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The Oskaloosa Independent
Valley Falls , Kansas
July 19, 2012     The Oskaloosa Independent
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July 19, 2012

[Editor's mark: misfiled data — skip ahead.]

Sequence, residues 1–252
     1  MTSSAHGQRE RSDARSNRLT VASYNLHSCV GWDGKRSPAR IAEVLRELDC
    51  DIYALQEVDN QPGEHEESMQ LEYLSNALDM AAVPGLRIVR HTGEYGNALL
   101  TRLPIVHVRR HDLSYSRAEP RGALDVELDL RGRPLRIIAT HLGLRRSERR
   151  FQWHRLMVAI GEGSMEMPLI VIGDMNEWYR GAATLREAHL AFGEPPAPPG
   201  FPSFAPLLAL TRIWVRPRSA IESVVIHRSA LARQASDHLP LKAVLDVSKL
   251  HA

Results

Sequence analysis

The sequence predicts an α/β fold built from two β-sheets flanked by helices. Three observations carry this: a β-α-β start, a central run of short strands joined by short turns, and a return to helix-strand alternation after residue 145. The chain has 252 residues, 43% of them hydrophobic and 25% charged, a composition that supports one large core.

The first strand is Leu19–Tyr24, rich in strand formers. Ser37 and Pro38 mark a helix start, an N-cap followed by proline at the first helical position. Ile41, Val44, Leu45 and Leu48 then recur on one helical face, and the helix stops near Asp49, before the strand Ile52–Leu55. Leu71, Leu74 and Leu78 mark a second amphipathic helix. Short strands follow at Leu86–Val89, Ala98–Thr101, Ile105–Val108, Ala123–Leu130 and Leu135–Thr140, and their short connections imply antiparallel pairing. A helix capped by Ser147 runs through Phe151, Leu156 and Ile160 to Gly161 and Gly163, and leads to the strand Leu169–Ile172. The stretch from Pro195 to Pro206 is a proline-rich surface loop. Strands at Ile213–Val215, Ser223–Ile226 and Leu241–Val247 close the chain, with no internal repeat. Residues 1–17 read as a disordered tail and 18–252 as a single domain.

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This week in history July 19,1799 - During Napoleon Bonaparte&apos;s Egyptian campaign, a French soldier discovers a black basalt slab inscribed with ancient writing near the town of Rosetta, about 35 miles north of Alexandria. The irregularly shaped stone contained frag- ments of passages written in three different scripts: Greek, Egyptian hieroglyphics and Egyptian demotic. The ancient Greek on the Rosetta Stone told archaeologists that it was inscribed by priests honoring the king of Egypt, Ptolemy V, in the second century B.C. More startlingly, the Greek passage announced that the three scripts were all of identical meaning. The artifact thus held the key to solving the riddle of hiero- glyphics, a written language that had been "dead" for nearly 2,000 years. July 20, 1969 - American astronaut Nell Armstrong, 240,000 miles from Earth, speaks these words to more than a billion people listening at home: "That's one small step for man, one giant leap for mankind." Stepping off the lunar landing module Eagle, Armstrong became the first human to walk on the surface of the moon. July 21,1955 - President Dwight D. Eisenhower presents his "Open Skies" plan at the 1955 Geneva summit meeting with representatives of France, Great Britain, and the Soviet Union. The plan, though never accepted, laid the foundation for President Ronald Reagan's later policy of "trust, but verify" in relation to arms agreements with the Soviet Union. Thu 7/19 103/76 ' Mostly sunny. Highs 101 to 105F and lows in the mid 70s. 7/20 Times of sun and clouds. Highs 98 to 102F and lows in the mid 70s. Sat 102/75 7121 Times of sun and clouds. Highs 100 to 104F and lows in the mid 70s. Sun 99/72 7122 Plenty of sun. Highs in the upper 90s and lows in the low 70s. Mon 99/73 7123 Partly cloudy. Highs in the upper 90s and tows in the low 70s. Inside... Meriden Thresh pg. 6 Dog Kennel pg. 7 Motorcycle accident pg. 7 Park changes pg. 4 Obituaries... Eunice Kenison, 89 Arthur Rhoades, 82 County news and photos at: jeff countynews, com ********************** FOR ADC 980 1629 22P 6T SMALLTOWN PAPERS INC **C005 217 W COTA ST SHELTON WA 98584-2263 ; II,l,,I,,I,,I,l,l,,h,h,h,l,h,l,l,ll,,,,ll,,,,lll,,,I,hhl !1 JL JL  -. S K A L 0 0 S A Russell D. Baston Baston works plea agreement with prosecutors by Dennis Sharkey . A man who is accused of at least one burglary and possibly linked to several others pleaded guilty last week and is facing four years in prison. Russell D. Baston, 44, is currently being held in the Douglas County Jail after being released last Thurs- day from the Jefferson County Jail after an appearance in district court where he entered a guilty plea to one count of burglary and one count of theft. Baston appeared before District Court Judge Gary Nafziger with his attorney Mike Hayes to enter the plea. In exchange prosecutors dropped a charge of fleeing or at- tempting to elude a police officer and a charge of criminal damage to property. Baston led Jefferson County Sheriff's deputies on a chase March 17 in which he escaped by driving through a field in a large truck that had been reported stolen. Baston was captured the next day at an apirment complex in Law: rence. Many of the items that were reported stolen in Jefferson County were found in Baston's possession. As part of the plea deal Baston will not be prosecuted for any other burglary or theft cases that the Sheriff's department is currently working. Sheriff Jeff Herrig said in March that Baston was believed to be linked to a ring of burglaries. Baston is currently waiting to be arraigned in Douglas County District Court on two counts of theft, two counts of failure to appear, a count of failure to comply, a count of obstruction and a count of battery of a law enforcement officer. Baston also faces charges in Leavenworth County. Sentencing for Baston in Jeffer- son County District Court will be Aug. 9. Baston is facing 47 months in prison for the two counts he pleaded guilty to. Council still confused about how to approach property issues by Dennis Sharkey After more than a year of effort the Oskaloosa City Council and Health Board still don't know how they will move forward with resolv- ing issues. The main issue is having private citizens sign complaints against their neighbors. Councilman John Norman asked City Attorney Mike Hayes why health board members cannot sign complaints. "If it needs to be documented and we need to go to court the people on the health board including myself and Kathy (Griffin) are more than happy to sign it," Norman said. Hayes would not comment specif- icaily about the issue claiming that each case is different and the facts of each case need to be determined before a solution can be developed. The current ordinance has a se- quence of steps that must be taken in order for the process to be fair and legal according to Hayes. The first step in the process is having two private citizens signing a complaint that is presented to the health board. However, Hayes said the complaint cannot come from the health board. "Why can't it be?" Norman asked. "We're citizens." Hayes said any defense attorney would argue there is bias if the complaints were signed by the same board that is tasked with investigat- ing the issue. "There has to be a basis to begin the investigation," Hayes said. See Weeds Page 4 "Six Months Older Than The State Of Kansas" Former Tiller associate will appeal ruling by Dennis Sharkey The former associate of an abortion doc- tor who was murdered in 2009, Dr. Ann K. Neuhaus, rural Nortonville, will file an ap- peal after having her license stripped by the Kansas Board of Healing Arts. Neuhaus had her medical license stripped by the board at a hearing on June 22. Neu- haus was found guilty by the board of pro- viding rubber stamp approvals for late term abortions to the late Dr. George Tiller. Neuhaus' attorney, Kelly J. Kauffman of Topeka, said her client had until Aug. 3 to file the appeal. Kauffman said normally an appeal would be a one page document stating the intent to appeal. Usually the appeal is filed immediately. However, Kauffman said the nature of this appeal is much wider in scope and takes more time. An appeal should be filed sometime this week in Shawnee County District Court ac- cording to Kauffman. Neuhaus also is fighting a more than $92,000 bill from the board for all of the pro- ceedings against her. The bill contains administrative and at- torney costs for the board and the judge who presided over the hearings and ultimately rendered an opinion to strip Neuhaus of her license. The bill also contains more than $48,000 in expenses for Georgetown professor Dr. Liza H. Gold. She was the expert witness for the case against Neuhaus. The original complaint filed with the board was against Tiller. However, after his death the petitioners Operation Rescue turned their attention on Neuhaus. One of the com- plaining parties, Cheryl Sullenger, has been convicted in Federal Court for attempting to blow up an abortion clinic in California. According to Kansas Statute anyone can file a complaint against a doctor even if that See Doctor Page 4 Kyle Johnson is the newest member of CPA Brad Hammel's team in Oskaloosa. Photo by Dennis Sharkey Local CPA business now offering more by Dennis Sharkey A well-known Oskaloosa business is ex- panding what it has to offer to local clients. Brad Hammel, CPA, has added a financial adviser to his accounting firm. Kyle Johnson officially joined Hammel's staff last month as the full-time financial services adviser. Johnson lives in Topeka where Ham- mel has another office and will be in the Oskaloosa office from 8 a.m. to 6 p.m. every Wednesday for clients or by appointment. Johnson said the number of days could ex- pand if business picks up. Johnson and Hammel have worked together on a part-time basis for the last 18 months. Johnson said the two met at a regular meeting that both attend in Kansas City. "We just kind of hit it off and realized we made a great partnership and have gone from there," Johnson said. Johnson said their partnership is a unique situation for customers. "Investments affect taxes and taxes are affected by investments," Johnson said. "We feel like it gives us a comprehensive look at a client's financial picture." Johnson said he can help clients prepare for retirement no matter what the client's situation is. A client who is fresh out of high school or a person on the verge of retirement and is looking to maximize their holdings they can help. "We are capable of taking them from square one and helping them walk through steps and plan a path to reach specific goals," he said. "We work with both of those situa- tions and everything in between." Jefferson County Ambulance readies for Meriden substation by Dennis Sharkey The Jefferson County Ambulance Depart- ment started running two ambulances 24 hours a day this month and it has already started paying off. Ambulance Director James Tweed told commissioners on Monday that call volume is up 10 percent over this time last year and more than 17 percent from 2010. "I can't tell you what a difference that has made in response times," Tweed said. "We're seeing immediate results:" A rise in call volume isn't a statistic Tweed wants to see but the number of ac- tual transports is also up at a 9.5 percent rate which means the calls turn into actual volume and what is not considered a cancel- lation. As of July 15 the department received 675 calls with 430 (64 percent) of those calls ending in a transport of a patient. About 14 percent of the calls ended in refusal of service and about 18 percent have ended in a cancellation. A cancellation can have a number of different definitions including a refusal of service, standby for a fire that has no injuries or standby at athletic events. Between 30 and 35 percent of all calls during a normal period end up in a cancel- lation of some type. Currently the two ambulances are operat- ing out of the station in Oskaloosa but that will soon change. Tweed expects the inside work of a new ambulance substation in Meriden to be completed in the next two weeks. The second ambulance unit will work out of Meriden. The two on duty ambulances per work shift is a permanent move. Tweed expressed great relief when re- porting the progress to commissioners on Monday. He has been working on the second substation for more than two years. "It's been a long time coming," Tweed said. "It's a big relief for me." Tweed no doubt feels a lot less pressure. Before the second ambulance was added, many on-call shifts were filled by himself. "It makes me feel a lot more ease with what we are providing," Tweed said. The addition of the second ambulance came with good timing. Since July 1 the aver- age daily volume of calls has nearly doubled from the previous six months of the year. Tweed attributed the rise in calls to the heat but said there are different aspects of the heat that generate calls. His department sees more calls from patients with chronic illnesses. He said the heat is an aggravator to many of those ill- nesses. Tweed said the heat also brings out more people having a good time which also leads to more accidents. "When it gets hot like this people tend to do crazy things," Tweed said. "People are enjoying themselves a little more." Tweed said an open house for the new substation will be scheduled soon. In other actions: Commissioners approved to send two employees to coroner training. Road and Bridge Director Francis Hub- bard reported that the annual chip and seal program is completed with nearly 40 miles serviced. Commissioners approved a contract with Keystone Learning Services to provide nurs- ing and monthly screening services for all of the programs Keystone provides. K-State vet, livestock specialist discuss swine gestation stalls by Mary Lou Peter Recent news that some major U.S. restau- rant chains, including McDonald's, will phase out buying of pork supplied by producers who use gestation stalls for pregnant sows has sparked conversation and concern among pork producers as well as consumers. Lost in some of the conversation regarding swine gestation stalls is why pork producers implemented them to begin with, according to Kansas State University veterinarian Steve Dritz, and K-State Research and Extension livestock specialist Joel DeRouchey. 'Tde've seen increased pressure from out- side influences on swine producers to change their management practices," DeRouchey said. "This is their livelihood. For those work- ing in the barns, working with the animals - they love the animals and they care for them on a daily basis. They want them to do as well as possible." A gestation stall is an area in which a sow is confined during her pregnancy and fed to meet her individual nutritional needs, Dritz said. When sows are in group pens, some sows will eat more than they should, while others will eat less than they need. Also, because pregnant sows can be ag- gressive and physically harm one another, sows kept in gestation stalls are protected from other sows. "The sow can stand up and lie down," Dritz said. "The one major drawback is that she cannot turn around." Dritz said that he'd spent time in Europe recently and learned that on farms where sows can voluntarily move in and out of ges- tation stalls, the animals chose to spend 80 to 85 percent of their time in such stalls. In research designed to measure stress hormones in swine, scientists have not found differences in sows that are free to move about versus those housed in gestation stalls, he said. "From a production standpoint, we find no difference, both can be successful," Dritz said, referring to gestation stalls or open pens. "But from a health standpoint, there is no question that gestation stalls protect the animal and prevent injuries. That's a point that is missing in many of the messages." Gestation stalls also make it easier for producers to monitor each sow's health and to administer vaccines, if needed. 'Tdithout understanding all the facts and the advantages and disadvantages of these systems, it's easy to draw conclusions re- ally quickly without truly understanding the long-term implications and the history of why we once were without gestation stalls, whywe moved to this system, and now why the re- .. -/ luctance by owners and managers to go back . ,. < : to the way we used to do things," DeRouchey said. See Pork Page X july 19, 2012 Vol. 153, Number 5 10 Pages$ 1.00 Published Every Thursday Official Jefferson County Newspaper, Oskaloosa, Kansas Lori A. Courter Oskie woman accused of torturing child by Dennis Sharkey An Oskaloosa woman is currently being held in the Jefferson County Jail on charges that she allegedly tortured a child. Lori A. Courter, 22, is facing one count of abuse of a child; torture to cause great bodily harm and one count of aggravated battery with intent to cause great bodily harm. Courter was arrested on Monday afternoon after an interview with investigators. Sheriff Jeff Herrig said the in- vestigation began on June 13 when his department was contacted by Jefferson County Ambulance about a possible child abuse case. Courter is accused of burning a three-year-old female. Courter had been watching the child. Herrig said he believed the child's father was the boyfriend of Courter and both lived together. Herrig said he could not comment on the degree to which the child was burned or how she was burned but indicated the injuries were serious. "They're not good," Herrig said about photos he viewed of the child's injuries. Herrig said the investigation is still ongoing but investigators be- lieved they had enough information after speaking with Courter to charge her. As of press time Tuesday morning Courter had not been before a judge to set bond. The only information about the child's condition is that she is recover- ing. City tries to limit access to burned house by Dennis Sharkey Oskaloosa City Council members have taped off a burned down house in hopes children will stay out. The city decided to cordon off the property on the corner of Hamilton and Delaware streets after City At- torney Mike Hayes told the council that in doing so the city would relieve itself from any liability if someone were to get hurt. He said the fault would then lie with the property owner Greg Killingsworth. The house burned down in late May and the ruins have remained virtually untouched since. Some council members such as Emily Malsbury want to do a lot more than just tell people to stay out. She told other council members at the July 5 meeting that she wanted the house taken down immediately. "Somebody is going to get hurt over there," Malsbury said. Hayes said the city cannot order the property demolished until the proper procedures have been done in sequential order. "You can't skip a step," Hayes said. The council ordered Fire Chief John Harem to investigate the prop- erty and present the findings to the council. Hayes said at that point the city can decide whether or not to act. "Nothing has been presented to the governing body," Hayes said. "They have to have s omethi to act upon." Normally with a dangerous build- ing five citizens need to sign a corn- See House Page 9